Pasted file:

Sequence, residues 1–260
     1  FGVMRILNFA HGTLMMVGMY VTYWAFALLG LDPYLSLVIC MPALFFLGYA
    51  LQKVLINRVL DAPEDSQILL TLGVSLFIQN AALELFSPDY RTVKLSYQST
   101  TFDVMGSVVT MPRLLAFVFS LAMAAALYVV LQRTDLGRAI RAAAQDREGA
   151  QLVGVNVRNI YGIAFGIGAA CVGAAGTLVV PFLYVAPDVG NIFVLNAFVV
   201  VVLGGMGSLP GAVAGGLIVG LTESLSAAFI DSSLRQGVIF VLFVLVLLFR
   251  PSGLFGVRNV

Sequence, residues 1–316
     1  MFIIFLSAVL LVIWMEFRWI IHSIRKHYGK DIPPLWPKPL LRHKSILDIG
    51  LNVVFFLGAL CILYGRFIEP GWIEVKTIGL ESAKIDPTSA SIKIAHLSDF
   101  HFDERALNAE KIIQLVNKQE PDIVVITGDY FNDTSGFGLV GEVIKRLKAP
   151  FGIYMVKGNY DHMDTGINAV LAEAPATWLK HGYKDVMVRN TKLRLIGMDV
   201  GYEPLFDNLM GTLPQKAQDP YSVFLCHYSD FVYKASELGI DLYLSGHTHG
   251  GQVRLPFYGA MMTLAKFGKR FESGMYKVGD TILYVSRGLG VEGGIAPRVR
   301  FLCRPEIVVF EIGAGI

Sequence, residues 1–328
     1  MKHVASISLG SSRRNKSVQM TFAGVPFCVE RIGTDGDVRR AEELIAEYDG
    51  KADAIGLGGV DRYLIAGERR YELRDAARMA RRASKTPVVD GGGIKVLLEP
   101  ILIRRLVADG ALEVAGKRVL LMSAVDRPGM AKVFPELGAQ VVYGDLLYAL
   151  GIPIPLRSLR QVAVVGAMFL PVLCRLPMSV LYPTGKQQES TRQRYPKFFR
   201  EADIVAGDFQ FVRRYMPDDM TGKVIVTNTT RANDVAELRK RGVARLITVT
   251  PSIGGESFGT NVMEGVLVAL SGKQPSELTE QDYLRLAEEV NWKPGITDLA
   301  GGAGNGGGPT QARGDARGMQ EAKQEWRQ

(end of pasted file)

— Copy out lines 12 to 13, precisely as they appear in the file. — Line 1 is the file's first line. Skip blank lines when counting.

   151  FGIYMVKGNY DHMDTGINAV LAEAPATWLK HGYKDVMVRN TKLRLIGMDV
   201  GYEPLFDNLM GTLPQKAQDP YSVFLCHYSD FVYKASELGI DLYLSGHTHG